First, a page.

Throughout the conflict, President Yanukovych’s government showed the world it was not a true state, as his opponents did the opposite. When I watch footage of an opposition bulldozer pushing against police barricades, I am reminded of the NYPD removing Occupy Wall Street protesters from Zuccotti Park in Lower Manhattan. Though all deaths in this chapter of the Ukraine’s history are unfortunate, the force used so far by the opposition has been proportionate for what their real aim was: the overthrow of the government and its replacement with their own.

How a real state handles insurrection  

How a real state handles insurrection  

What do we as whites take away from this?

Like many on the dissident Right, I viewed the news out of the Ukraine with anger. Once I removed the media’s distorted lens from what has happened in that part of the world, I realized the root- the radix- of the clashes speak to the natural truths we have been saying all along. That is that different people cannot live under the same government forever, and that forcing them together leads to crisis after crisis.

As the opposition and now the government in the Ukraine has accomplished, so should we emulate. Before we can have a state, we must have a state-in-waiting. Established leadership and alliances abroad are necessary, and luckily we are in the mature stages of this step. What we lack are the heartlands out of which a demos can grow into a state. It has been said that we are the ultimate cosmopolitans, jetting around the world to attend conferences and drink champagne with other elites as we talk politics, science, and culture. This however is exactly what our leadership should be doing as elites, though it is not enough. We must have that connection to folk and soil should we ever hope not just to lead, but to govern.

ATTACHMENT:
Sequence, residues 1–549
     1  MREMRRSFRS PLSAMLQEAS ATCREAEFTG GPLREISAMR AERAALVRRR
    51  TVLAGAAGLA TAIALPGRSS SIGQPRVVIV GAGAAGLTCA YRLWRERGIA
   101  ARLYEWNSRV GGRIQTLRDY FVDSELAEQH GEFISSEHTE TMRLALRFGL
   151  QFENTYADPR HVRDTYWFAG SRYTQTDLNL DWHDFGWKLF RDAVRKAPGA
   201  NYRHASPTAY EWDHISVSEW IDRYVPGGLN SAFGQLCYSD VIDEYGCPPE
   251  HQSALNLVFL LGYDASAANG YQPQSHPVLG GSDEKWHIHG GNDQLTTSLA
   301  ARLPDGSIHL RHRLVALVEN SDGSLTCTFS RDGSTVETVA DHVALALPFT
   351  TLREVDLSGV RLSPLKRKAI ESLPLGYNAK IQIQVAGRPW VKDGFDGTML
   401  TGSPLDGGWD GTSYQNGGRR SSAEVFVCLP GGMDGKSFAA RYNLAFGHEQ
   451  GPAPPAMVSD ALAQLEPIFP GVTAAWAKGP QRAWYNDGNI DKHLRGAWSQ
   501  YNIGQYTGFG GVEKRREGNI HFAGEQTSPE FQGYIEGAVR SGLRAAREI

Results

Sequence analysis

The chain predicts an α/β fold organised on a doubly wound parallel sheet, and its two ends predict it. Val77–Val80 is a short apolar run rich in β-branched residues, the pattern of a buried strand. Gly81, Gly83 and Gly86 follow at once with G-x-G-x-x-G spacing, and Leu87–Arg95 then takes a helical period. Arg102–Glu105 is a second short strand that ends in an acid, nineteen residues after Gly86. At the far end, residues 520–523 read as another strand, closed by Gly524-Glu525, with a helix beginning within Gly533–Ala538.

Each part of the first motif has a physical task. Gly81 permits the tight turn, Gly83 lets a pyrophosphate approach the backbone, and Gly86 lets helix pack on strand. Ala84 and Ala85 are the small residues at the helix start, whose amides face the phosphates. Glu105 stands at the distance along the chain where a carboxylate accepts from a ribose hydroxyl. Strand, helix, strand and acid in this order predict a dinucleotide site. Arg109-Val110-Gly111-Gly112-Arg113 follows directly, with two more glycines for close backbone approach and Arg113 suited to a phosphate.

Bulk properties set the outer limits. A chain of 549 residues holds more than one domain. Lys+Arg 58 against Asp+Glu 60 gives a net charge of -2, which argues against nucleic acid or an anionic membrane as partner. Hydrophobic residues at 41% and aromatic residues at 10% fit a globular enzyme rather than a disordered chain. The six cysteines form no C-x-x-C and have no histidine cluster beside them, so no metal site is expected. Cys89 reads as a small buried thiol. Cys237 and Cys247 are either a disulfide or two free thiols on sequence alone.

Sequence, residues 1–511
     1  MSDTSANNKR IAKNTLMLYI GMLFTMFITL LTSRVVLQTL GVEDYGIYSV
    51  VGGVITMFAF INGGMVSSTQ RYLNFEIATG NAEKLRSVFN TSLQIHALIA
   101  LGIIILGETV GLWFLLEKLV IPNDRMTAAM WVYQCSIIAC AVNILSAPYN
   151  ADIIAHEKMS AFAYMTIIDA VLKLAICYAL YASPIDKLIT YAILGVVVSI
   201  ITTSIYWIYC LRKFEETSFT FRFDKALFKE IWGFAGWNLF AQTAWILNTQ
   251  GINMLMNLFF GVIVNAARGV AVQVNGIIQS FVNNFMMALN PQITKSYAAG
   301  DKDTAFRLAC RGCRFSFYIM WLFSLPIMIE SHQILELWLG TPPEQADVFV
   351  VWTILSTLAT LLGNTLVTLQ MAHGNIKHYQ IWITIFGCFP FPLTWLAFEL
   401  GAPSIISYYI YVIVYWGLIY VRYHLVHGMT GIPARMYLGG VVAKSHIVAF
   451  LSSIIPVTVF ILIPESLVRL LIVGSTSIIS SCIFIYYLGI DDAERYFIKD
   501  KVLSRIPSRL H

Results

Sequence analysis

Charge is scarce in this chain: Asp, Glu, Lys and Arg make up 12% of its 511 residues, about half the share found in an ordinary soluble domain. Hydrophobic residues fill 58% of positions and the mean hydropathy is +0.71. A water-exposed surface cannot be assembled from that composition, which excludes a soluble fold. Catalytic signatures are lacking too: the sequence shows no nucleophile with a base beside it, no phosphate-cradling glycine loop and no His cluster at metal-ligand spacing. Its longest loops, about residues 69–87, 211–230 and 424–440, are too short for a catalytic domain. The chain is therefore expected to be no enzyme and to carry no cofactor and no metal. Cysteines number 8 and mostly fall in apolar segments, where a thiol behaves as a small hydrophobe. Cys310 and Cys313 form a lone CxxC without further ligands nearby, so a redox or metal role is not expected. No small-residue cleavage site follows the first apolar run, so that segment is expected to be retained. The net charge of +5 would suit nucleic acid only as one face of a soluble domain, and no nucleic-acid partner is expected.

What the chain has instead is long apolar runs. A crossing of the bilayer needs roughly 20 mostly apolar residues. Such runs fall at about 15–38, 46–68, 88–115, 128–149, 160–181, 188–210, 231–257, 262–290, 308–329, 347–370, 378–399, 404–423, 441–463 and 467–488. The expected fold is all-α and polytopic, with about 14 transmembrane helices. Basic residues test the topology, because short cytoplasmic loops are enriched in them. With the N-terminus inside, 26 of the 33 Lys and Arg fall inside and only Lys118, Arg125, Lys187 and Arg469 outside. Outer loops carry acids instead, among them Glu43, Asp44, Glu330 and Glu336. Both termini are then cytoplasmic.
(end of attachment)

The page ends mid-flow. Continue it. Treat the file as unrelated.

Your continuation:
Do not fret then over this crisis. The short-term gain by Washington and the short-term loss by Moscow are of little concern to men of archaic virtues with eyes on the cosmos. What we have witnessed is a reaffirmation written in blood of our eternal principles. Hearken close, listen well, and when it comes time for us to push the pretenders aside, remember the lessons taught here.

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Being Who We Are

Russia is capable of ceasing to be the world’s gas station (there are more suitable candidates for this purpose) and gaining self-respect:

  • If it becomes a Pan-Slavic country ready to defend its brothers in blood, language, and faith even if only against the Euro-bureaucratic pink-Liberal dictatorship, even if only against extreme Islamism;
  • If it becomes a Eurasian country restoring the great continental project, defending its peoples against the West (in its neo-Liberal and “Euro-Communist” versions) and the East (in its Chinese and Saudi-Caliphate versions);